Why Does the Water Turn Yellow in a Fish Aquarium?

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A fish tank turning yellow might seem like something out of a horror movie, but this situation isn't as scary as it may seem. When fish tank water looks yellow, it's very often a sign that something's amiss with the water quality, filtration, or cleanliness of your pet's aquarium. In fact, bad aquarium water is the number one reason these pets fail to thrive. Keep your pet fish happy by watching his environment closely so you'll notice a fish tank turning yellow. This includes careful feeding, quality filtration, testing the water for various substances, and using the right kind of greenery in the tank.


When the water in your aquarium begins changing colors, it is often a signal that attention is needed.

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Fish tank turning yellow

Water quality is extremely important to a fish's survival as a home pet, so make a point of getting a liquid test kit (not the strip version) and use it to assess the environment you plan for your fish. Depending on the type of fish you own, you should check for the correct levels of ammonia, nitrites, and nitrates as well as the water's pH level, alkalinity, and hardness. With properly monitored and balanced H2O, fish tank water that looks yellow won't be a problem.


Feed fish carefully

When fish tank water looks yellow, it could be because you're too heavy handed with fish flakes or your kids are being too generous with the pellets at meal time. Overfeeding fish can lead to cloudy, dirty water, and it can increase the amount of certain substances in it to dangerous or even toxic levels. As a rule, don't offer more food than your fish can consume in about 30 seconds. When it comes to fish food storage, don't keep anything longer than six months. Shop for fresh fish food often and be sure to store it in a cool, dark place.


Best filter to keep a fish tank clean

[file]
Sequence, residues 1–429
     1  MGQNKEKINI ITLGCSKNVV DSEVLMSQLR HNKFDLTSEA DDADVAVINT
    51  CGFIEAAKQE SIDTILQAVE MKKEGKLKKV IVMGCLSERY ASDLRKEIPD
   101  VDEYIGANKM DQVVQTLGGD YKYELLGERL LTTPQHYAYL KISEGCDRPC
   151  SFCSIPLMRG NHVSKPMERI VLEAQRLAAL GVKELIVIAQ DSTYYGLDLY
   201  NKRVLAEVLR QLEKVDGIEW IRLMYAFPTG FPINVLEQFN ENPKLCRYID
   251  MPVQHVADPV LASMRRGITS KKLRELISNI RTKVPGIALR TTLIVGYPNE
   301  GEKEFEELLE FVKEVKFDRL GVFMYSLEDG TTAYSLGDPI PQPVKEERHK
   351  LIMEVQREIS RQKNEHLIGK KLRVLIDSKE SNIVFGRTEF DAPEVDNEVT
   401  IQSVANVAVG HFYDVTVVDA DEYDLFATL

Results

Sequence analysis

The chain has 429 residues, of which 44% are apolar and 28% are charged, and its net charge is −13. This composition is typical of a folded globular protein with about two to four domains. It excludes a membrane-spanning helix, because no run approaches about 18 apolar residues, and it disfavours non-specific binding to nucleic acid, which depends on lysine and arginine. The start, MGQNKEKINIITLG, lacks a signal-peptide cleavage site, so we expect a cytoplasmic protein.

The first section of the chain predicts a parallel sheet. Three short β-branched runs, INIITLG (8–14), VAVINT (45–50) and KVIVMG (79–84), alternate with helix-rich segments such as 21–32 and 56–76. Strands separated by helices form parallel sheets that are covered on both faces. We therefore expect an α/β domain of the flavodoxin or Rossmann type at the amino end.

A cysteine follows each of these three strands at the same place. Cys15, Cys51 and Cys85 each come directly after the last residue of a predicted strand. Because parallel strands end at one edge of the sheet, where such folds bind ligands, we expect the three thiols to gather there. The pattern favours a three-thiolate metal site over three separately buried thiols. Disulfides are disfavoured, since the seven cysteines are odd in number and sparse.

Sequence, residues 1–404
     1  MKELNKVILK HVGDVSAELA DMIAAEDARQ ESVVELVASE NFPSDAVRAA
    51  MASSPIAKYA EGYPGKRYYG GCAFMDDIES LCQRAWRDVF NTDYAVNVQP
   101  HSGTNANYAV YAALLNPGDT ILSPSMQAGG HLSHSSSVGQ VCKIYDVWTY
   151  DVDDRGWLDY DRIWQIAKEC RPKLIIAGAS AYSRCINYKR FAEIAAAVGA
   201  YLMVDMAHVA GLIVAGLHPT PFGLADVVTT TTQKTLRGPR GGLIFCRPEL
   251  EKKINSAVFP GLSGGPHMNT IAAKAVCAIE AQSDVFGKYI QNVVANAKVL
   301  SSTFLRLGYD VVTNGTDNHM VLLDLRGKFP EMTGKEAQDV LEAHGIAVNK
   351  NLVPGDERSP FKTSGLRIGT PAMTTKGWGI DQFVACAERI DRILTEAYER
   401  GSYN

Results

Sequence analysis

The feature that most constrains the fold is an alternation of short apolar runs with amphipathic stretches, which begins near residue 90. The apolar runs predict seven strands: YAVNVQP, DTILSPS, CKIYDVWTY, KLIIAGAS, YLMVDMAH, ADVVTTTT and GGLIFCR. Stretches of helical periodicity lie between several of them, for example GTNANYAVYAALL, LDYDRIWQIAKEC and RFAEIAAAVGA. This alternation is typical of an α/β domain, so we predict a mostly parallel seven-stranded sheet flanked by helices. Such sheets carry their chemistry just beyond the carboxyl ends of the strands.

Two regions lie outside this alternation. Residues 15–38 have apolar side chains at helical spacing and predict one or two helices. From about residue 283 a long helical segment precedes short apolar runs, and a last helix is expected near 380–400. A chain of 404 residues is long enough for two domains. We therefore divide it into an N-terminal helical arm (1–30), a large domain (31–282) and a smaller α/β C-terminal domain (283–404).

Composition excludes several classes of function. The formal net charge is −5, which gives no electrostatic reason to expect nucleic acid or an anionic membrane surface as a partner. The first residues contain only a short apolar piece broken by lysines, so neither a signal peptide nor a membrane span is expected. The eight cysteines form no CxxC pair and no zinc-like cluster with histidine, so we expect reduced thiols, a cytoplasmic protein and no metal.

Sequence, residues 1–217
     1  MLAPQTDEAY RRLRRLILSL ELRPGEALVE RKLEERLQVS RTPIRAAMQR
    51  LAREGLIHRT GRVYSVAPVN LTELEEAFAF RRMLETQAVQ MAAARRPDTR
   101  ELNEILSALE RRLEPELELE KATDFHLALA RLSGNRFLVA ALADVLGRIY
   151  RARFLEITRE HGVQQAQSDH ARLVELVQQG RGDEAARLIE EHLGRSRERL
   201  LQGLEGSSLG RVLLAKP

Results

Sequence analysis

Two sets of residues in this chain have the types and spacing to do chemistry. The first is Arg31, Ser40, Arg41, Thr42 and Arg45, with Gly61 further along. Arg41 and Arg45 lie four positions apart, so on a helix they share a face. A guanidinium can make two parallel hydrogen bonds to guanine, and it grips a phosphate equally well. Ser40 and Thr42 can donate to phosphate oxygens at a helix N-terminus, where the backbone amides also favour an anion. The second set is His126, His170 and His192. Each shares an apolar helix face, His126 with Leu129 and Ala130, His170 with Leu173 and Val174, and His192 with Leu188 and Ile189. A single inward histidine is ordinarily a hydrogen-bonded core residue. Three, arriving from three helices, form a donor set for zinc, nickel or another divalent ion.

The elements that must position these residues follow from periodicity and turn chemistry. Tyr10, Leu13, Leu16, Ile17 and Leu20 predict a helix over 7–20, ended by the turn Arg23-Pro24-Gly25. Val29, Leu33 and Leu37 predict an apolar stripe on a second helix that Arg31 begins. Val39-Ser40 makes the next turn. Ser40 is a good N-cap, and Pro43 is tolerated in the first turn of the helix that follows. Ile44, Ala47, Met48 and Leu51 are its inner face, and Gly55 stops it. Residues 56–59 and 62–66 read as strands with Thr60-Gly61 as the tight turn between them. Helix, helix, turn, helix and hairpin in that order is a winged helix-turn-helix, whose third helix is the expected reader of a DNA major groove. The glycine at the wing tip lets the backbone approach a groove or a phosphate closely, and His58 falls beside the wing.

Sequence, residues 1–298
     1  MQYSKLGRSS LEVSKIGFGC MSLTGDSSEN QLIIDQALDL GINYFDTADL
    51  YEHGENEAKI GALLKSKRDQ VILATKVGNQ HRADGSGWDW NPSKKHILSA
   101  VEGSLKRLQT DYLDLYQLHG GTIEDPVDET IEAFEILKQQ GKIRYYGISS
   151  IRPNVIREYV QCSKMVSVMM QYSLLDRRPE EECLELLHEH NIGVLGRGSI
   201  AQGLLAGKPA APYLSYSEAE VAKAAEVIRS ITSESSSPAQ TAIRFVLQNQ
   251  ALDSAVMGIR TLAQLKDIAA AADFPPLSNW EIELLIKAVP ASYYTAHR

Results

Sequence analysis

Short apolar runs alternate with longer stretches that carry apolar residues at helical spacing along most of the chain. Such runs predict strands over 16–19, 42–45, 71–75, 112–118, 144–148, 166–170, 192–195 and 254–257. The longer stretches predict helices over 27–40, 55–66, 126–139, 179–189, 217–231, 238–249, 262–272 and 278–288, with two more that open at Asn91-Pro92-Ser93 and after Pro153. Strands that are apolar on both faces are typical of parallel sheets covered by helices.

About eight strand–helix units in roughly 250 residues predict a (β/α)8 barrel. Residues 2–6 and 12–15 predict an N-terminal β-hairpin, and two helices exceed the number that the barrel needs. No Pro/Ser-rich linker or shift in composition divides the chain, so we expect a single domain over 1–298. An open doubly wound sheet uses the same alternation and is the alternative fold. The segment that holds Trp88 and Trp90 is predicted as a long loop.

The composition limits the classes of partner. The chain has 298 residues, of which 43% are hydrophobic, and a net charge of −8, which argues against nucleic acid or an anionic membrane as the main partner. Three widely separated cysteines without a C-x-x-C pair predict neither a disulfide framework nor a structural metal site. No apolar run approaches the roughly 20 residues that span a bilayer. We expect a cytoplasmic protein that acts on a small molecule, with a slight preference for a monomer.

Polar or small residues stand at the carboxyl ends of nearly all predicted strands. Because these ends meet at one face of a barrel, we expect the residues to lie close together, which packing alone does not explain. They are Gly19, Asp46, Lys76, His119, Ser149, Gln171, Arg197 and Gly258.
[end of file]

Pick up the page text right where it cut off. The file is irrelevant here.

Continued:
Keeping a fish in a bowl without a filter could leave you with a fish tank turning yellow. The reason? Without good filtration, your pet's water can end up becoming a noxious stew of chemicals and pieces of waste. Your best bet is to seek out the best filter to keep your fish tank clean. If you can, choose filters that have a quiet hum. If these devices make loud noises, the din can get in the way of your fish's ability to communicate at her preferred low level of frequency.


Fake vs. real plants

Fake plants offer beauty and places for your fish friend to retreat when he's had a long day of toddlers banging on his glass. Real plants can serve the same purpose, but eventually, they'll break down inside the tank and add to the problem of your fish tank turning yellow. It's better to stick with faux greenery for this reason along with other decor so your fish can entertain himself and hide out when he needs a break. Some fish even enjoy crafting a nest from rocks that many people use to line the tank's bottom.


Call your fish's vet

If you've battled to clean up your aquarium and still find that your fish tank water looks yellow, you may need to check in with your pet's vet. Less than clean water can lead to a sick fish, but an appointment with a piscine pro can help you determine whether the water is at fault or if something else is bothering your fish. Fish can actually be prescribed medications and can undergo surgery if necessary. Keep in mind that over-the-counter remedies aren't considered ideal when it comes to treating fish sickness. Instead, it's better to call an expert.